These sales hiring mistakes are just that: terrifying!
How many of these sales hiring mistakes are YOU making?
If you stop doing these, you’ll hire better sellers and attrit less.
Once you learn what NOT to do, I have a bonus for you at the end of this post:
How to hire SaaS reps that sell like crazy.
ONE: Hiring too far outside of your ‘sales motion’
How long is your sales cycle?
How big are your deals?
And what’s involved in closing those deals (buyers, pilots, etc.)?
Hire people who have as close to that experience as you can.
Success with a similar sales motion is one of the best predictors of AE success.
If you’re selling $250,000 deals with a 6 month sales cycle, then avoid hiring a rep who closes $40,000 deals in a 30 day sales cycle.
They may succeed. I’m a big believer in human potential.
But odds are, they won’t.
TWO: Hiring a rep JUST because they match your ‘sales motion’
This is the corollary of number one.
Yes, you want to hire people that have experience with your deal velocity and sales motion.
But that’s not an automatic ticket to win.
Really, it’s more of a ticket to play the game.
I see this all the time. It’s the ‘Halo Effect’ in full play:
Sales leaders overlooking red flags that would otherwise be deal-killers.
Because ‘industry experience’ seduces them.
What if they SUCKED at those previous jobs?
Ever think of that?!
That’s why the BEST ‘ideal rep profiles’ have three sections:
All of them matter.
So hire for all of them.
THREE: Taking a candidate’s past achievements at face value
A friend of mine is VP Mid Market Sales at a company you’d recognize.
He called me to backchannel a rep he was about to hire…
One that I hired in a previous role.
Him: “We’re about to move forward with her… any red flags?”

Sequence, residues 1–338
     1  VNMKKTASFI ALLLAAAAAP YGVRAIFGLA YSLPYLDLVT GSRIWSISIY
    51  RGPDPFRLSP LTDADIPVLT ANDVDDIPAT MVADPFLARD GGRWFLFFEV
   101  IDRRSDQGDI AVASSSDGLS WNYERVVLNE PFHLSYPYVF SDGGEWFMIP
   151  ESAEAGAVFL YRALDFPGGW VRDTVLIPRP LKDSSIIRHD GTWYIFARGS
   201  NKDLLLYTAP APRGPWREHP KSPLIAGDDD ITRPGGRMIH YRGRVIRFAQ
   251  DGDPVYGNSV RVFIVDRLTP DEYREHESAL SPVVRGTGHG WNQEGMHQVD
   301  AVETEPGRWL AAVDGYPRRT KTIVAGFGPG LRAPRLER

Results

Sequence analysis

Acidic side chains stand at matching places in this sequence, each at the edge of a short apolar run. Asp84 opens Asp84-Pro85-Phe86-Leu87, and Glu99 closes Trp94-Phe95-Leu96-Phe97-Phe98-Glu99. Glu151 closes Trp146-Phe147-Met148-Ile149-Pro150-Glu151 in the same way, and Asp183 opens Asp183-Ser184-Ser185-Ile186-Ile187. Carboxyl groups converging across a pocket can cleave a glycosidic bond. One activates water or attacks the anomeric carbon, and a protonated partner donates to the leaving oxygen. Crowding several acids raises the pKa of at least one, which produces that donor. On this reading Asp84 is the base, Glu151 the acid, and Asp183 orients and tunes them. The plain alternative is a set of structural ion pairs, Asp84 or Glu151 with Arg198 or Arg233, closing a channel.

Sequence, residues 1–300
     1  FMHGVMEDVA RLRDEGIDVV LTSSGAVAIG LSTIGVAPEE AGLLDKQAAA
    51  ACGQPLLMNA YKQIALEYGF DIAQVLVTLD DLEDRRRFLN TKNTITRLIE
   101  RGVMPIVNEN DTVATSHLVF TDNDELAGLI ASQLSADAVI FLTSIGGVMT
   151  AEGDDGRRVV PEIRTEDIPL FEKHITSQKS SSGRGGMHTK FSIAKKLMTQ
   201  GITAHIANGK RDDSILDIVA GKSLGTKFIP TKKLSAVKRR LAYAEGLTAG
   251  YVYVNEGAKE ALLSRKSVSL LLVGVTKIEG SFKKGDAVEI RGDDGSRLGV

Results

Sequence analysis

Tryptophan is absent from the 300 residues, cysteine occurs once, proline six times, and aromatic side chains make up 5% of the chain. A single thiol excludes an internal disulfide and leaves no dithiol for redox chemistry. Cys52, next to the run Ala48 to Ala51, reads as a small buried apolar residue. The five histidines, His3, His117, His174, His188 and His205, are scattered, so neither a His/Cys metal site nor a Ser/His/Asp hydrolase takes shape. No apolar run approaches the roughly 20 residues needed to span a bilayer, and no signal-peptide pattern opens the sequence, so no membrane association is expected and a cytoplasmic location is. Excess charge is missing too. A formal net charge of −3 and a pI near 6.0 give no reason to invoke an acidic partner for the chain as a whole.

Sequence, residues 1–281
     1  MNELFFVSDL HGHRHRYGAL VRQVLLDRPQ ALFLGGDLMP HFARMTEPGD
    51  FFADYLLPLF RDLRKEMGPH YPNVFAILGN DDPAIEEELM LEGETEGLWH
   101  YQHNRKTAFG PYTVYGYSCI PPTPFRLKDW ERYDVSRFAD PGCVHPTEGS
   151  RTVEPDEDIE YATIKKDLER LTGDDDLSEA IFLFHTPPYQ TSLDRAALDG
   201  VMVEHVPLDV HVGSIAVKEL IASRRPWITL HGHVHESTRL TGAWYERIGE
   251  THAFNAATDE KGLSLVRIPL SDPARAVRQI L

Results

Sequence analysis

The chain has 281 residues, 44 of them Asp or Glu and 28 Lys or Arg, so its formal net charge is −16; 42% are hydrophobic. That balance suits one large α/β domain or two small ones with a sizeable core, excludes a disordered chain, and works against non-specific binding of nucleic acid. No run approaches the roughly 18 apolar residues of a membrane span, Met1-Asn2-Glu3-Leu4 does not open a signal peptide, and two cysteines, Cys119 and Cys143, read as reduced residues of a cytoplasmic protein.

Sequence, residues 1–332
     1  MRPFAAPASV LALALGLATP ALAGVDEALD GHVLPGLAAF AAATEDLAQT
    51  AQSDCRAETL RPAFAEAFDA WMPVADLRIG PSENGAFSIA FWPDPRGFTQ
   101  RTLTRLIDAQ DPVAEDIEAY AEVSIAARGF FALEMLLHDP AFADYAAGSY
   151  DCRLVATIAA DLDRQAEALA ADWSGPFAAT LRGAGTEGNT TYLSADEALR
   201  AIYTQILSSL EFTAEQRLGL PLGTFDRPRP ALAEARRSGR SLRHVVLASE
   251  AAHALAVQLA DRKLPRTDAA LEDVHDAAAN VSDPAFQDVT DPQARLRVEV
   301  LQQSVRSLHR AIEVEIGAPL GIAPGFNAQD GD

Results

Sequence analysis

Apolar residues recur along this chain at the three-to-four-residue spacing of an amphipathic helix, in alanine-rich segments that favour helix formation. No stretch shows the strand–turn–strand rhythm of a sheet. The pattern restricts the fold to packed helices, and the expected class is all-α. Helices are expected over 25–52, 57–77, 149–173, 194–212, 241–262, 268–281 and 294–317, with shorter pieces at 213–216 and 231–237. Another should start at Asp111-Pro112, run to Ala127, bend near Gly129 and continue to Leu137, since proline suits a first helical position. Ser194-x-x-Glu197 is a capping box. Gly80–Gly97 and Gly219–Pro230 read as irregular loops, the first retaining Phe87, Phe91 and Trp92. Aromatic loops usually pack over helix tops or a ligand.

Me: “uhhh… yeah. She was one of the worst hires I’ve made.”
Him: “What?! You’re kidding me? She said she hit 170% of her number in the 15 months she worked at your company and auto-qualified for President’s Club. So what’s the problem? I’ll take those achievements if the con is she’s just hard to manage or something…”
Me: “So would I. Problem is, none of what she said is true. She was PIP’d twice and eventually let go. The only time she made her number was on ramp. And that’s because she inherited existing customer accounts that bought more regardless of who managed them.”
I can’t make this stuff up.
People lie. Get used to it.
When you see crazy achievement numbers… that’s great!
But be sure to dig in. Don’t immediately accept them.
They’re easy to spin a story out of.
FOUR: Take a candidate’s attainment numbers at face value
Mediocre sales people tell ‘white lies’ in interviews (and on resumes).
Here are a few examples:
Resume: “I achieved 300% of quota.”
Reality: “That quarter was a ramp quota and I closed a bluebird.”
Resume: “Closed [huge enterprise logo, like Workday]”
Reality: “Closed a $10k startup owned by Workday”
Resume: “Closed the biggest deal in company history.”
Reality: “Worked the biggest deal in company history… long enough for it to be mismanaged so poorly that upper management took over, while managing me out.”